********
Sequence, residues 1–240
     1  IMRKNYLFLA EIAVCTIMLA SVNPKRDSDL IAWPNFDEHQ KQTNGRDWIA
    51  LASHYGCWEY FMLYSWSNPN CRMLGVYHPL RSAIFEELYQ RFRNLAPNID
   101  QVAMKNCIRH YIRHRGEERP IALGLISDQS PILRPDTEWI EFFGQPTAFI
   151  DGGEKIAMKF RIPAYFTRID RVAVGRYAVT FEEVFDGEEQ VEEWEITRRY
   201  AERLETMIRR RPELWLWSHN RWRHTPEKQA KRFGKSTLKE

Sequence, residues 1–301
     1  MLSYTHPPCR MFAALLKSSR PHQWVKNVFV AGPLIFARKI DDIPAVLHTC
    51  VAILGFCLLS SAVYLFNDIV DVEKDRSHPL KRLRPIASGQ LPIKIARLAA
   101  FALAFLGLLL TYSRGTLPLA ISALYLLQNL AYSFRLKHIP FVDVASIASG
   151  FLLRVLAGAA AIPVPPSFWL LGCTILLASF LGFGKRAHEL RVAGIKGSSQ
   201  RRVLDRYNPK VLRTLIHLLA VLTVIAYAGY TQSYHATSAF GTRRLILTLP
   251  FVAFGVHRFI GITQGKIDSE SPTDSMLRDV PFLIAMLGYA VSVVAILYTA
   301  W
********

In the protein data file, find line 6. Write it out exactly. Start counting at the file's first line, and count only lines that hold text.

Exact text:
   201  AERLETMIRR RPELWLWSHN RWRHTPEKQA KRFGKSTLKE